Romanticism. 1785-1830 (English) 1830-1865 (American). Classicism (8 th century BCE-fall of Rome 5 th century: Plato, Homer, etc.) Medievalism (“middle ages” 5 th century-15 th century: Dante, Chaucer) Renaissance (“Elizabethan” 15 th -mid17 th century: Shakespeare, Queen Elizabeth)
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Medievalism (“middle ages” 5th century-15th century: Dante, Chaucer)
Renaissance (“Elizabethan” 15th-mid17th century: Shakespeare, Queen Elizabeth)
Neo-Classicism (“Enlightenment” mid-17th-1830: Voltaire, Pope, Hobbes)
Romanticism (1785-1830: Wordsworth, Emerson, Poe)
Victorianism (1830-1901: Queen Victoria, Tennyson, Brownings)
Realism/Naturalism (1860-1914: Flaubert, London, Sinclair)
Modernism (1914-1945: Yeats, Lawrence, Faulkner, Pound, Eliot)
Post-Modernism (1945-1990?: Derrida, Baudrillard, Foucault)
Post-Post-Modernism (1990-? Crash, Magnolia)Movements/Periods of Art, Architecture, Music, Literature, Philosophy,
And more like a wave on a beach that gathers up the receding wave that came before and mixes it all together.A Period/Movement is…
Galileo (Italy) and Kepler (Germany): Heliocentrism
Isaac Newton (England): Laws of motion and gravity.
Francis Bacon (England): Knowledge emanates not from Church or books, but from observation and generalization (empiricism).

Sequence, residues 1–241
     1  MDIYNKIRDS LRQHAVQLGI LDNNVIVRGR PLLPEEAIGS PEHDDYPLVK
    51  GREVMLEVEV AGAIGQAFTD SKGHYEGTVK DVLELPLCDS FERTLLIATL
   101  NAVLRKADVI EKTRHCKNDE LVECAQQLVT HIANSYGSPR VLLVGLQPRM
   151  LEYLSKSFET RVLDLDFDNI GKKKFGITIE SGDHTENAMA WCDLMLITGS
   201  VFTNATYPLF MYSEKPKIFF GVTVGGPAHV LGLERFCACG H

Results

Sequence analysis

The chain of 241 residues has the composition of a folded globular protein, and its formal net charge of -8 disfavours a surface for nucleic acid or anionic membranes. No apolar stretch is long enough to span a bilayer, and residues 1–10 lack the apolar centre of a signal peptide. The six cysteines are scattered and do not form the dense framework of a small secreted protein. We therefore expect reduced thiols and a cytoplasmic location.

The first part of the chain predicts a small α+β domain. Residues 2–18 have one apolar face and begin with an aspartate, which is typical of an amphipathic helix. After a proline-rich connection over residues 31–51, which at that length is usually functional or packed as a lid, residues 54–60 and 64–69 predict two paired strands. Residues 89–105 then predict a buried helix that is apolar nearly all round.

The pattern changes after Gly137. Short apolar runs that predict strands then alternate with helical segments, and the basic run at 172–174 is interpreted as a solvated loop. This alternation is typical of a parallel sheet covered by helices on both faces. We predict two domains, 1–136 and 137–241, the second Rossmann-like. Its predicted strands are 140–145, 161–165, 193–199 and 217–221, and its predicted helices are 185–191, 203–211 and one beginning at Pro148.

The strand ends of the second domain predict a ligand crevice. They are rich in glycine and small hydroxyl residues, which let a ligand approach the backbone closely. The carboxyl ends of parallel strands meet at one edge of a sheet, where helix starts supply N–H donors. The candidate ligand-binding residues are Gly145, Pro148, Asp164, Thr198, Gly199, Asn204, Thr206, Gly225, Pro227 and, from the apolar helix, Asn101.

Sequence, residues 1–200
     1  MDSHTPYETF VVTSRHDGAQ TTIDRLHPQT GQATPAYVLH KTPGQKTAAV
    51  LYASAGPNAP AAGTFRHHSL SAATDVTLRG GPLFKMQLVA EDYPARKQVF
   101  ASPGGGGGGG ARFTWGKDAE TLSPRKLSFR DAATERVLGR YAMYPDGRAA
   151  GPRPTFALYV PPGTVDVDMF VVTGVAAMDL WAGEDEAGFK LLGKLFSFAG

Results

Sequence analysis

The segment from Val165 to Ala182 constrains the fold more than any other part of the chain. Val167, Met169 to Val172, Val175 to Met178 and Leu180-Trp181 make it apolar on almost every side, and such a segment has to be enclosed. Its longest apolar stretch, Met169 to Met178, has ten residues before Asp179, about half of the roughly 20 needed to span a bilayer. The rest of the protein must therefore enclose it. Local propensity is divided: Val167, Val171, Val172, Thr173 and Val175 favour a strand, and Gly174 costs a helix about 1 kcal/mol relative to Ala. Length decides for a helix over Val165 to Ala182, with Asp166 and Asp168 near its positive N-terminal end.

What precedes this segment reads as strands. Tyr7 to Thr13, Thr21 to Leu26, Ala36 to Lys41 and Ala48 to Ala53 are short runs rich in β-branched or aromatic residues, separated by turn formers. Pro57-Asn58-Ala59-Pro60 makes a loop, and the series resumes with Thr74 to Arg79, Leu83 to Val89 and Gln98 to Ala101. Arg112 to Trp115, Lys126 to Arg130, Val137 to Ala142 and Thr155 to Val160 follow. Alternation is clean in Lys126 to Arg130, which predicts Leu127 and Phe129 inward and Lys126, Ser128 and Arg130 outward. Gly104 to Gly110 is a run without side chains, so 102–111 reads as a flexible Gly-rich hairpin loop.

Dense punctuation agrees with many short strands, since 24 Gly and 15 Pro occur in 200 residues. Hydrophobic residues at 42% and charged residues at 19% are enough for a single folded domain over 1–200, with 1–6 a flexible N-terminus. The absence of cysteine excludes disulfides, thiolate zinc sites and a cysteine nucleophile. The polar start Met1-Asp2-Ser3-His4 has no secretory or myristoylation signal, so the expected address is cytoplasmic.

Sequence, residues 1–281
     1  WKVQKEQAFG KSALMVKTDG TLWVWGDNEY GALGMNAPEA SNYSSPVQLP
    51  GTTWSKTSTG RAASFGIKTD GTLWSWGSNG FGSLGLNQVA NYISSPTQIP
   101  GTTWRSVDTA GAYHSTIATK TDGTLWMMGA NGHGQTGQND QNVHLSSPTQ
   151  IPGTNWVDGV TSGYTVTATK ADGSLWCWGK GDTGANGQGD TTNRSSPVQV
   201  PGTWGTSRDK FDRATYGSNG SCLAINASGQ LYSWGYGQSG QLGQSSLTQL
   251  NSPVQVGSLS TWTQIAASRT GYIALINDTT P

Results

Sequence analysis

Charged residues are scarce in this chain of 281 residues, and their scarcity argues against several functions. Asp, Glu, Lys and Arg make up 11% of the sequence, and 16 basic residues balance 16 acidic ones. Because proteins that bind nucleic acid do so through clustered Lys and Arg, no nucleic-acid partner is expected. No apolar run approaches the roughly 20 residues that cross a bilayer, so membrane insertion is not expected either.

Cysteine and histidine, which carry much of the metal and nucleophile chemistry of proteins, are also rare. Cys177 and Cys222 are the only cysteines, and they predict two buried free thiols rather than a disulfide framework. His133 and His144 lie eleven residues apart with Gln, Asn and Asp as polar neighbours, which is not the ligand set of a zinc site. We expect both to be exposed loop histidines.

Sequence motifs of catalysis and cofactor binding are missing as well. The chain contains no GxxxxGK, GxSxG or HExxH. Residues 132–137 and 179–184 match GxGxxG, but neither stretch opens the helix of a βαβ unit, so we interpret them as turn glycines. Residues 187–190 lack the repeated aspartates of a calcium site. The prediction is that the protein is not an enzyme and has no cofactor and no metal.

Rene Descartes (France): the only thing we really know is that we think (“I think; therefore, I am”); therefore, reason (not faith) is the building block for knowledge.
Reason and logic good; emotion and “enthusiasm” bad.
The universe is orderly, precise, and predictable; society should be, too.Romanticism: What Came Before
Children, the “uncultivated,” and
“primitive” people are especially
interesting because they are relatively
“unspoiled” by society’s influence.
In fact, an individual can be uplifted morally and spiritually by cultivating a greater sensitivity to feeling (e.g. empathy could be a seed for social change).
Reason…not so good. “Deep thinking is attainable only by a man of deep feeling.” (Coleridge)
Mysticism, dreams/nightmares, the supernatural, and psychological extremes, instead (Confessions of an Opium Eater by Thomas De Quincey). The addition of “strangeness to beauty.”